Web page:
The African Union strongly discourages any alterations to the political map of the continent.  African politicians like to say the policy is meant to minimize ethnic warfare by discouraging any hope in the outcome.  The unspoken and more ulterior reason is that the Big Men of Africa and their tribal cronies are always seeking to protect their own personal fiefdoms.  They rightly worry that the next region to secede might be the one which contains that valuable diamond, bauxite, or cobalt mine.  Though their motives are selfish, it is possible that their policy to maintain the status quo in Africa is the best of the options.  It took former allies Ethiopia and Eritrea all of six years to crash back into what became the most militarized war in the history of Africa.  Another war along their border is generally considered to be inevitable.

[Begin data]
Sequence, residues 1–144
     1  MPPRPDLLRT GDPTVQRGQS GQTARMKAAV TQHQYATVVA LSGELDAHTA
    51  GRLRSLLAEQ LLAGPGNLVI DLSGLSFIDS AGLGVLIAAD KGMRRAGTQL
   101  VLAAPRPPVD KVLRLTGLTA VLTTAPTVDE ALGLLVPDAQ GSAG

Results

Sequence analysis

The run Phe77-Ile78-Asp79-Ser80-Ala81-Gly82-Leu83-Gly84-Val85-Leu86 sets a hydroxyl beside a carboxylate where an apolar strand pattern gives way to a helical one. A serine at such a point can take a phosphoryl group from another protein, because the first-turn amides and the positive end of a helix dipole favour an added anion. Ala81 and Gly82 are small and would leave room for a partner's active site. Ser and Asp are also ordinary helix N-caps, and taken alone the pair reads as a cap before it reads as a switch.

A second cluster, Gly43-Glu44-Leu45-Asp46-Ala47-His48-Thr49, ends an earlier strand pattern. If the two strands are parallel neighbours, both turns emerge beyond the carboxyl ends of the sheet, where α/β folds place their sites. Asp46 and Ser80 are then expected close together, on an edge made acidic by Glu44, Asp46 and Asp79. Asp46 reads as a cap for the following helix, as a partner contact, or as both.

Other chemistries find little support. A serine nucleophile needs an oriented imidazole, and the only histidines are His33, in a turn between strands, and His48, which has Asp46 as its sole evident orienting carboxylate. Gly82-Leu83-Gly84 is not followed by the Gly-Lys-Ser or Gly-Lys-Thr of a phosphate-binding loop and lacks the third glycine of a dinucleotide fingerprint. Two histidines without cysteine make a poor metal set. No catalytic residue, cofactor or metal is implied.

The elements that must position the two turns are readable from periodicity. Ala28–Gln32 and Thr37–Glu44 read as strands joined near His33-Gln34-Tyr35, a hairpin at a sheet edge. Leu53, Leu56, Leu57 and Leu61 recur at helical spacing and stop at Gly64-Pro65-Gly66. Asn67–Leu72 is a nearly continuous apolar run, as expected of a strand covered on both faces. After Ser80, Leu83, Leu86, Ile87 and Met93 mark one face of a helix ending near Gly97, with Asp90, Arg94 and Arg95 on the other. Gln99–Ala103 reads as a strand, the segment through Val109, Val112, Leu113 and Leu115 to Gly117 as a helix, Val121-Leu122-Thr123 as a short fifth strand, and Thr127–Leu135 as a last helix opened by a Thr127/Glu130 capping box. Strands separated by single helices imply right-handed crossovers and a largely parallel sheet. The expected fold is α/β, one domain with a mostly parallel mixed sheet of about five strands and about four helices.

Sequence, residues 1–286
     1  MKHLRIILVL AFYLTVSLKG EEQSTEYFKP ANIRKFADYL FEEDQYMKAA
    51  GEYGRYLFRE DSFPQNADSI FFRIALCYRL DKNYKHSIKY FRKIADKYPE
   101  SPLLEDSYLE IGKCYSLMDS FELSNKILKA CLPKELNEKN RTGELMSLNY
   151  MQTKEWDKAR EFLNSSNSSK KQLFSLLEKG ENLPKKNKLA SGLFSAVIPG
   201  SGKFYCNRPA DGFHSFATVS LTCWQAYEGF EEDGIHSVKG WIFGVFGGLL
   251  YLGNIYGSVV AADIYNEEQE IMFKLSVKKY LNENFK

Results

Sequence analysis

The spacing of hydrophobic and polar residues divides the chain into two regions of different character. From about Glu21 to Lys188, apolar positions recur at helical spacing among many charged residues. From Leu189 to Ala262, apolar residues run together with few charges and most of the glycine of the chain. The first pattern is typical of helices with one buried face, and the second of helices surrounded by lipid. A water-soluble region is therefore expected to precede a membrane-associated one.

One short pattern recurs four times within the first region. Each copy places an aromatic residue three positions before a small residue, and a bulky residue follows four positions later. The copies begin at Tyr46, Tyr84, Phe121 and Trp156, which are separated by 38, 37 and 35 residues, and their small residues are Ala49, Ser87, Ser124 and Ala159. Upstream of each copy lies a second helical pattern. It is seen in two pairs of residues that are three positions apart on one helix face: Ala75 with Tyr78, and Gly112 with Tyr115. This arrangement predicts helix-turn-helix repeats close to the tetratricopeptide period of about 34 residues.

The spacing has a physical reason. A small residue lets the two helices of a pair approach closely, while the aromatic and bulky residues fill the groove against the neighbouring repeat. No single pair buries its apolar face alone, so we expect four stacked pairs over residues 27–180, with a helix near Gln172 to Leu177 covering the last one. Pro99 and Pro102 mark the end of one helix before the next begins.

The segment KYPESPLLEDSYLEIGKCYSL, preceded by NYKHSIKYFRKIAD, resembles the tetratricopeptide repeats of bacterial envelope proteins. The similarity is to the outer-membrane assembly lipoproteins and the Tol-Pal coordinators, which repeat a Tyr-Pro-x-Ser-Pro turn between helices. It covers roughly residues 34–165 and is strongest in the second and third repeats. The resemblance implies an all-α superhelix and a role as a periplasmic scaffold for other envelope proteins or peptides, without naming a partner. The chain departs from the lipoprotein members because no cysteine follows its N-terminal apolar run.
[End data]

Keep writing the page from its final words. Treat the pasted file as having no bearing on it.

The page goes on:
Though colonial capriciousness created the problem, the larger concern today is that governments in Africa view their borders as little more than a delineation of the spoils – my fence contains that which is for me to plunder as opposed to that which is for my neighbor to plunder.  There is little sense of responsibility for the people who live inside these borders.  It is for this reason that ethnicities take to war.  It is not because certain tribes are unwilling to live within the same international border as certain other tribes; it is because throughout Africa certain tribes are perceived to be reaping all the benefits of government and economy, happily leaving nothing for certain other tribes.  Governments not only allow this, they facilitate it.

 

Blame it on destructive European colonizers, blame it on corrupt African politicians, or just blame it on greed: like an egg, Africa got Scrambled.